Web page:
Small ruminant production in the developing countries

Proceedings of an Expert Consultation held in Sofia, Bulgaria, 8–12 July 1985
Edited by
V.M. Timon
J.P. Hanrahan

Rome, © FAO 1986



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ISBN 92-5-102343-3

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This publication on the development of small ruminant production in the developing countries is based on an FAO Expert Consultation, held in Sofia, Bulgaria in July 1985. Twenty papers were presented and discussed in the consultation and are reproduced in these proceedings. Strategies in breeding and breed development, nutrition and management, the development and utilization of indigenous grasses, shrubs and forest feeds for the production of sheep and goats, in arid, semi-arid and tropical conditions, are presented in the papers. A synthesis of the discussions is presented in the final chapter of the proceedings.


Sheep, goats, breeding, nutrition, management, feeds, arid, semi-arid, tropical.


World wide sheep and goat numbers have been increasing steadily over the past twenty years unlike most other livestock species used by man. Sheep numbers are now in excess of one billion and goat numbers are steadily approaching half that level. Of particular significance is the fact that sheep and goat numbers are increasing much more rapidly in the developing countries than in the more developed regions. This may well reflect the particular ability of small ruminants to survive and produce on low cost feed, their adaptability to difficult and in particular arid environments but perhaps more than anything else it reflects their suitability to the small low-capital family farms in the developing countries that so badly need extra food and additional income.

However population growth, albeit an encouraging trend, is not enough. We must achieve greater production efficiency in small ruminant production in the developing countries; eg., meat output per ewe is much lower and less efficient per unit of body weight in Africa and Asia than in North America or Europe. Levels of flock/herd management, of breed improvement and of disease control are lagging far behind those practiced in the more developed countries.

These are the challenges which motivated FAO to organize a consultation of experts in small ruminant production to assess the progress and development to date and in particular to identify and chart the strategies of development for the years ahead.

The consultation was held in Sofia, Bulgaria, July 8/12,1985 and was attended by 21 invited participants from allof major sheep and goat producing areas of the world. Following the presentation and discussion of the individual contributions the consultation then addressed the main purpose of the meeting, viz., to identify strategies and recommendations as to how best small ruminant production may be advanced in the developing countries. These recommendations are presented as the summary and outcome of the consultation. A complete report of the consultation and its recommendations has been published by FAO.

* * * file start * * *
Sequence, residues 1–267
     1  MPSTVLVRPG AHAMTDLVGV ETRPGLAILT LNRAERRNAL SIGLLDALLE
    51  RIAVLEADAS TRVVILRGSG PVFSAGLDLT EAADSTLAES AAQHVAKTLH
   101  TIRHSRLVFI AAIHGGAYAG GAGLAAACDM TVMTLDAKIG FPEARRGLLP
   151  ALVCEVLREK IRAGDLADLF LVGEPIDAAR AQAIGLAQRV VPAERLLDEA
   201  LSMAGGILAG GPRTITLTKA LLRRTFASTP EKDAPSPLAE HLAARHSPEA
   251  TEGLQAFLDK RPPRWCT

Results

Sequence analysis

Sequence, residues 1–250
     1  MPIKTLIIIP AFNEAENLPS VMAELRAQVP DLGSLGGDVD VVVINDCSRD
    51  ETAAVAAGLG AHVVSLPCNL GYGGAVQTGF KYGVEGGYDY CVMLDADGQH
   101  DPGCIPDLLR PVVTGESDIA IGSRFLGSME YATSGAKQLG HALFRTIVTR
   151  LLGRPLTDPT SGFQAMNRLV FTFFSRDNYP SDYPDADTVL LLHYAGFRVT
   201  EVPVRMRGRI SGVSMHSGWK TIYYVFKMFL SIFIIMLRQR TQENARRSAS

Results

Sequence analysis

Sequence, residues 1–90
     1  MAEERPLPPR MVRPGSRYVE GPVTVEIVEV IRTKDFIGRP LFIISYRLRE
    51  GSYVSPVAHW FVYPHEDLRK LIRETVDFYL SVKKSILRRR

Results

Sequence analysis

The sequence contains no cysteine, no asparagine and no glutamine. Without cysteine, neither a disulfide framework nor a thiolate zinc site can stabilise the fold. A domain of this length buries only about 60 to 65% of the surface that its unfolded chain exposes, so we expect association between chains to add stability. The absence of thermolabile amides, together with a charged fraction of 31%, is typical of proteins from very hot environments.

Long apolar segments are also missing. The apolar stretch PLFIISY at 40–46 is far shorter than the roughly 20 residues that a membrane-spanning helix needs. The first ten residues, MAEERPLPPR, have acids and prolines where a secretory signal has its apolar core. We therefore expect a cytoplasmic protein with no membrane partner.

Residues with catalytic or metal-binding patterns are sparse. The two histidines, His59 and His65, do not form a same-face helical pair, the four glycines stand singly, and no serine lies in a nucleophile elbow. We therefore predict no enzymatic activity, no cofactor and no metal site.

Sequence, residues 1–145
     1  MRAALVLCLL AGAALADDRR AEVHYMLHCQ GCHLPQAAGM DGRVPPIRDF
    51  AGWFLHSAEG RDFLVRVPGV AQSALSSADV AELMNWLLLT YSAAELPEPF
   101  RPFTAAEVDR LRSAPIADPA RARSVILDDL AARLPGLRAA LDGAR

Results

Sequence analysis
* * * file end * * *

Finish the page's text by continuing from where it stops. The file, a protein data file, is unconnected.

H.A. Jasiorowski
Director Animal
Production and Health Division

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Trends in sheep and goat production over the past 20 years, by C. E. Terrill

Selection for increased efficiency in small ruminants, by Helen Newton Turner

Recent developments in reproductive techniques of sheep and goats, by H. W. Vivanco

Increased production and utilization of pasture and forage, by I. E. Coop

Nutrition and management of sheep and goats, by Soterios Economides

Breeding programme to increase production efficiency of small ruminants in developing countries, by C. E. Terrill

Methods used and results obtained in the transformation of sheep breeding in the people's Republic of Bulgaria, by Ts. Hinkovski, A. Stoyanov, V. Lazarov, L. Mihailova, Sv. Raichev

Use of highly prolific breeds and crossbreeding, by S. Kukovics

Development of wool goat breeding in the USSR, by Dr. Dauletbaev

Selection for increased production in multi-purpose sheep and goats, by E. S. E. Galal

Strategies to increase sheep production in East Africa, by R. T. Wilson

Increasing land utilization by small ruminants in developing countries, by A. E. Sidahmed

Economic constraints on sheep and goat production in developing countries, by N. Gutierrez-A

Small ruminant production in arid and semi-arid Asia, by R. M. Acharya

The potential for increasing small ruminant production in the Near East, by Faik Bahhady

Prospects for developing small ruminant production in humid tropical Asia, by C. Devendra

Prospects for developing small ruminant production in mountainous and other marginal areas, by F. Vallerand

Small ruminant production in tropic Africa, by E. 0. Otchere

Strategies to increase sheep production in Czechoslovakia, by D. Ochodnicky

Sheep and goat breeding in GDR, by H. G. Thulke

Prospects for increasing small ruminant production, by C. E. Terrill

Small ruminant production in the developing countries - synthesis and recommendations of the Consultation, by V. M. Timon

List of participants